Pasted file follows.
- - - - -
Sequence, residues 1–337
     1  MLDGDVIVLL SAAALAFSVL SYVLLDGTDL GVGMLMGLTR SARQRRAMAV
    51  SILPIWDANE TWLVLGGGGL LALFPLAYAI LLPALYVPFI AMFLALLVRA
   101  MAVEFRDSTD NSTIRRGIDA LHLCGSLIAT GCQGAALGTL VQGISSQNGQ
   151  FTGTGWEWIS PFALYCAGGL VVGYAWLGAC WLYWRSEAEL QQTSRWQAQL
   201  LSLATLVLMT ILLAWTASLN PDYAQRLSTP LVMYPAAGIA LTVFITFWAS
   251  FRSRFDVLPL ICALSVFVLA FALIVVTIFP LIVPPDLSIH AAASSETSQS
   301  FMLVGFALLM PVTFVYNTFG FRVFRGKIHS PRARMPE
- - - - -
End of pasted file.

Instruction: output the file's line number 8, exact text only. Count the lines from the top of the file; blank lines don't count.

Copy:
   301  FMLVGFALLM PVTFVYNTFG FRVFRGKIHS PRARMPE